President Donald Trump has spent weeks promising to protect cruise lines from the economic pain of the coronavirus pandemic. Now a fund that Trump ally Saudi Crown Prince Mohammed bin Salman controls has revealed a big new stake in Carnival Corporation, the world’s largest cruise operator.
The sudden change of fortunes for a company run by Micky Arison, a longtime Trump associate, could be as much about personal relationships and geopolitics as about business.
A Monday filing with the Securities and Exchange Commission shows that Saudi Arabia’s Public Investment Fund (PIF) now owns more than 8% of Carnival. It held no stock in the firm at the start of 2020. The news prompted Carnival’s share price to climb 20% ― the company’s biggest percentage increase on record, The Wall Street Journal reported.
As of Thursday afternoon, the kingdom’s 43.5 million shares were worth more than $500 million.
Carnival’s Diamond Princess cruise ship was the site of a large, early outbreak of COVID-19, the illness caused by the novel coronavirus. More than 800 deaths due to the disease are linked to the Diamond Princess and another cruise liner, the Grand Princess. The cruise line’s stock price has tumbled in the last month, sending it desperately seeking finances to cover refunds and future orders as its operations are suspended.
The windfall from the Saudis boosted investor confidence that the company and the broader cruise ship industry could rebound. But its timing has alarmed good government advocates.
“It’s a little too convenient to be a coincidence,” Derek Martin, a spokesman for the watchdog Accountable.US, said via email. “We know the president has been desperate to secure bailout funds for his friends at the cruise lines from Congress, because he won’t stop talking about it.”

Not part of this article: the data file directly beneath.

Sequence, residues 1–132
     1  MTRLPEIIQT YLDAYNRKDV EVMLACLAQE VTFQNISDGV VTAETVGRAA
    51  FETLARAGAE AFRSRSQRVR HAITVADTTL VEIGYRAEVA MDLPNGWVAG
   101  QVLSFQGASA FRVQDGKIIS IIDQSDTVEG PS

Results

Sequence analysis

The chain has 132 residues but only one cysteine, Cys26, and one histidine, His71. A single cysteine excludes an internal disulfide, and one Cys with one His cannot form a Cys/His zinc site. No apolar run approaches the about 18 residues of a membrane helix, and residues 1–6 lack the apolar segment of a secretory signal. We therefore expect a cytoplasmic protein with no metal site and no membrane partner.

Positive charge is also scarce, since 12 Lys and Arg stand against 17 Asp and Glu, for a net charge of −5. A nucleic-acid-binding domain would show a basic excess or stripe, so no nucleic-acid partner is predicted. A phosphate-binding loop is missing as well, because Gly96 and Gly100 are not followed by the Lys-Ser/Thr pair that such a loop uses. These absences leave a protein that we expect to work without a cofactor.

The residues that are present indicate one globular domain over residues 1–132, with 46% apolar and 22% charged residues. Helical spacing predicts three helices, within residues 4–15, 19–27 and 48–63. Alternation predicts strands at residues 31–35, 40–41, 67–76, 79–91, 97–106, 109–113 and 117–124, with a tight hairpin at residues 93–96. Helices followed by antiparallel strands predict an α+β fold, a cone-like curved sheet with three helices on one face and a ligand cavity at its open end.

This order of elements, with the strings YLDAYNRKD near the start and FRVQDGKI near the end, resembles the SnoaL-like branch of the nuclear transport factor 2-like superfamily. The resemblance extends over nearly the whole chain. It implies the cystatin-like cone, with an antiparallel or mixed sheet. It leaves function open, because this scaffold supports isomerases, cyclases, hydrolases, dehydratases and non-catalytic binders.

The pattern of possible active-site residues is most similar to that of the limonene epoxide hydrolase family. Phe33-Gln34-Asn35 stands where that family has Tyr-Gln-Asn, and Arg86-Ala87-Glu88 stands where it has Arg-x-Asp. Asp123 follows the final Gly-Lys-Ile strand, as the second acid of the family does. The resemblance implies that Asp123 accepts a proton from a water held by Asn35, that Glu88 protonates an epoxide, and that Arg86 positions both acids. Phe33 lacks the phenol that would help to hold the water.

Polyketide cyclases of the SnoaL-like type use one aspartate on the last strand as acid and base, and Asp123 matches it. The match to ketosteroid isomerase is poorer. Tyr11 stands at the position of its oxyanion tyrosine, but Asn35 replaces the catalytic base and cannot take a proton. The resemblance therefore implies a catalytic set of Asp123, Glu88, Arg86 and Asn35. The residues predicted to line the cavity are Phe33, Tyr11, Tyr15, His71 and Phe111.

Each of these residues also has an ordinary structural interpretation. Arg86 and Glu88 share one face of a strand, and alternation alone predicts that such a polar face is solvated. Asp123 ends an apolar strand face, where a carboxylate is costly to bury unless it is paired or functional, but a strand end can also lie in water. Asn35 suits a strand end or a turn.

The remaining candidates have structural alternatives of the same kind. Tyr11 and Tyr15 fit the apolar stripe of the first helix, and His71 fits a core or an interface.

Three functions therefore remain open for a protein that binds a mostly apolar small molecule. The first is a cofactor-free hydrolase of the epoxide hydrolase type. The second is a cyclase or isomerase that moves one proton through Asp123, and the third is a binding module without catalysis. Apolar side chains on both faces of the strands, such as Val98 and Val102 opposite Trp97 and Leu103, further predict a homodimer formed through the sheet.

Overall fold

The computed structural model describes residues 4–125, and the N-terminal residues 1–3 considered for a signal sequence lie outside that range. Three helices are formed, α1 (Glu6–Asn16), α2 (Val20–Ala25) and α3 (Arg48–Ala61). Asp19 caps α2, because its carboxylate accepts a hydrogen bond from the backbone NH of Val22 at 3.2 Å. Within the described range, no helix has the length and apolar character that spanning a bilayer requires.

“If Trump turned to Saudi Arabia to close this deal, it wouldn’t be the first time he asked a foreign country to do him a favor,” Martin added. “With the president’s help, industry may have secured funding to keep them afloat, but now the American people need to know — at what cost?”
By addressing one of Trump’s big current fixations, the Saudis may have secured undue influence on the president and U.S. foreign policy ― another quid pro quo for a president who’s proven transactional in his approach to global affairs.
Trump said at a March 19 briefing that he’d discussed the coronavirus crisis with Arison, Carnival’s chairman and founder, who helped sponsor the president’s old television show “The Apprentice” and is also the owner of the Miami Heat. The president praised Arison ― and the company’s share price rose by 7.5% that day.
On March 6, Trump privately told donors gathered at his Mar-a-Lago resort that he wanted to protect cruise companies, The Washington Post reported. And at a press conference on March 26, he applauded cruise lines as “big,” “great” and “very important” ― adding the following week, “we have to get those cruise ships moving along.”
The president and his team have also been in frequent contact with Riyadh in recent weeks, primarily over a Saudi plan to secure oil contracts that lowered prices and hurt U.S. fossil fuel producers. Secretary of State Mike Pompeo called the crown prince, known colloquially as MBS, on March 24, and Trump talked to him on April 2.